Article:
A few months ago, I put together a feature on the Slovene children’s book illustrator Alenka Sottler as part of my series on the 2014 Hans Christian Andersen Awards. Like the other children’s literature posts that I do from time to time, the feature was well-received and a few people shared the link on Facebook. Nothing much happened for the next several months, until, one day, a notification from WordPress appeared on my phone. I glanced at it hurriedly, saw the name “Alenka Sottler,” and dismissed it as a fluke — it was early in the morning, I needed a strong cup of coffee, and I was, of course, already late for work. When I returned to the comment later in the day, I could scarcely believe it: Alenka Sottler herself had found my blog.
First and foremost, I would like to thank you for your interesting comment on illustrators and my work. I read your text… a while ago and I wanted to add a note but it wasn’t until now that I found the time to send you a few words regarding the ‘digital illustration’ in my book The Emperor and the Rose… It is a book of modern fairy tales through a woman’s perspective and narrated by using old-fashioned language… by the way, the cat that you like so much is a magic animal in the book. He helps a prince to win a princess. If you would want to have a print of this illustration I would gladly send you one, just let me know the address.
Kind regards from your almost a namesake,
I promptly sent her an email thanking her for the kind words and extremely generous offer to send me an original print of the cat, whose named, I learned, was Motz. After a quick email exchange with Alenka’s assistant, the address was confirmed, and the cat print shipped off.
In the meantime, I moved to New Zealand. It had been 8 months since the original blog post, 4 months since Alenka left the comment, and 4 weeks since I had heard from her assistant. Sure enough, though, Motz the magical kitty arrived in Ohio, U.S.A. in late November after a long overseas journey. I asked to be emailed a photo of the print, which is what I posted above. Although I’ll be gallivanting across New Zealand for the foreseeable future, and it may be another year before I see the illustration in person, it hardly diminishes the beauty of the exchange.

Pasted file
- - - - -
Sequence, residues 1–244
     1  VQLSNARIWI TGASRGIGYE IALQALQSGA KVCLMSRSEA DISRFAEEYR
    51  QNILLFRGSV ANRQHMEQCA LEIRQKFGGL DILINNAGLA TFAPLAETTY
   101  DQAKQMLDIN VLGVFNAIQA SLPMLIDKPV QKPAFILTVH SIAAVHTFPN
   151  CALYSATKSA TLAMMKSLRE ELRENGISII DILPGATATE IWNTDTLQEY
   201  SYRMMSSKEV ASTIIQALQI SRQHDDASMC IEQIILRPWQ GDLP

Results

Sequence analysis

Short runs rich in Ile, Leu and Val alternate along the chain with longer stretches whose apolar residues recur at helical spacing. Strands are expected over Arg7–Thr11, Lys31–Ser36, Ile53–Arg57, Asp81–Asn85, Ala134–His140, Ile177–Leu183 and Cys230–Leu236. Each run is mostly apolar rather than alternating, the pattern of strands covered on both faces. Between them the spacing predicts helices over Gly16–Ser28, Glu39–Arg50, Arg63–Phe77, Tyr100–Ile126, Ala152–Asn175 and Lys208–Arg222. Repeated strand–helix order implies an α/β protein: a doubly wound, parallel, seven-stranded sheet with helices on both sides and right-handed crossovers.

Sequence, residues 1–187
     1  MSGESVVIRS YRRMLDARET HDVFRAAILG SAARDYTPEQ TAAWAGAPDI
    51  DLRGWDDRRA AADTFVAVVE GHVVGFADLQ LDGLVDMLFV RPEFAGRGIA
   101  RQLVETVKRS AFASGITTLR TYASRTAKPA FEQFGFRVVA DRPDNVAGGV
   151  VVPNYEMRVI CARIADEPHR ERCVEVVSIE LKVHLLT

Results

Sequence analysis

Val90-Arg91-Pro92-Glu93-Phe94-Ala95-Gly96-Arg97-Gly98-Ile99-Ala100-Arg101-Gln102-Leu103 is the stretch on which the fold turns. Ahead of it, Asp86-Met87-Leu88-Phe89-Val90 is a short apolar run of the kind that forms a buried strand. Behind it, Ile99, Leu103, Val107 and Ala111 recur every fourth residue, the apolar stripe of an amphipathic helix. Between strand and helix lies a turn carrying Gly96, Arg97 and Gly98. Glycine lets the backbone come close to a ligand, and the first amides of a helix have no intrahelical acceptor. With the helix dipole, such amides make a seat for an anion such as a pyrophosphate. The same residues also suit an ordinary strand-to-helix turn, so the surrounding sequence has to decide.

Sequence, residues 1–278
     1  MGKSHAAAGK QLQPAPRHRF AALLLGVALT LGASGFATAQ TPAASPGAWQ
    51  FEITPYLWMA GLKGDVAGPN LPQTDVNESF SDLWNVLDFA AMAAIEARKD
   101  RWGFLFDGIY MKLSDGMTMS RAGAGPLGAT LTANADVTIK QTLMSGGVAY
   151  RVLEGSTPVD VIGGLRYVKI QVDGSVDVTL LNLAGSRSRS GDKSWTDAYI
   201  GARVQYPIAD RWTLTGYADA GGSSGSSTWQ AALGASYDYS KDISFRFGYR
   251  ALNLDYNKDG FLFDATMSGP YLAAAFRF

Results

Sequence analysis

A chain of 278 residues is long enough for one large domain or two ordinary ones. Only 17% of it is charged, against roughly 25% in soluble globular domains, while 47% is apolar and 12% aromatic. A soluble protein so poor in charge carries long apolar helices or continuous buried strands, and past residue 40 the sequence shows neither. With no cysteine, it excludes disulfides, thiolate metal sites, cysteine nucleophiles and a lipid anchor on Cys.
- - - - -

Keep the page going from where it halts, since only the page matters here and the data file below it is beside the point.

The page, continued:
I went back to my original post to compare the two images side-by-side. Motz, as he appears in Sottler’s book “The Emperor and the Rose,” (left), has deep and thoughtful brown eyes, is stenciled slightly darker, and has more of a cool, blue-gray tone. In contrast, Motz, as he appears in the print, (right), has subtly sharper eyes, lending him an intelligent and mischievous expression, and is set against a yellow background. It’s fascinating to see that the grid-like pattern originally extended across the entire sheet of paper, and was probably digitally removed in post-processing. It’s an archaeological remnant, a rare clue about Sottler’s illustration technique, that demonstrates visually the process as Sottler described it: “I made illustrations on cotton cloth with tartan pattern used in the sixties by Slovenian housewives for making bed linens. This cloth pattern is very similar to knitting. In addition, digital images of our time are ‘cubic’ as well.” Traces of the old, blended with modern elements, an artistic fusion that provides classic fairytales with a unique subtext.
So, let’s retrace the steps. A library assistant, enamored with a pile of beautifully illustrated children’s books, decides to write about them on her blog. A Slovene artist, hard at work, reads the post while “perched in a wooden cottage situated on the slope of a mountain range.” Compliments are exchanged, a promise is made, and a magical cat delivered halfway across the world. It doesn’t get much lovelier than that.
I dearly hope that I get to meet Alenka Sottler in person at the 2016 IBBY World Congress in Auckland.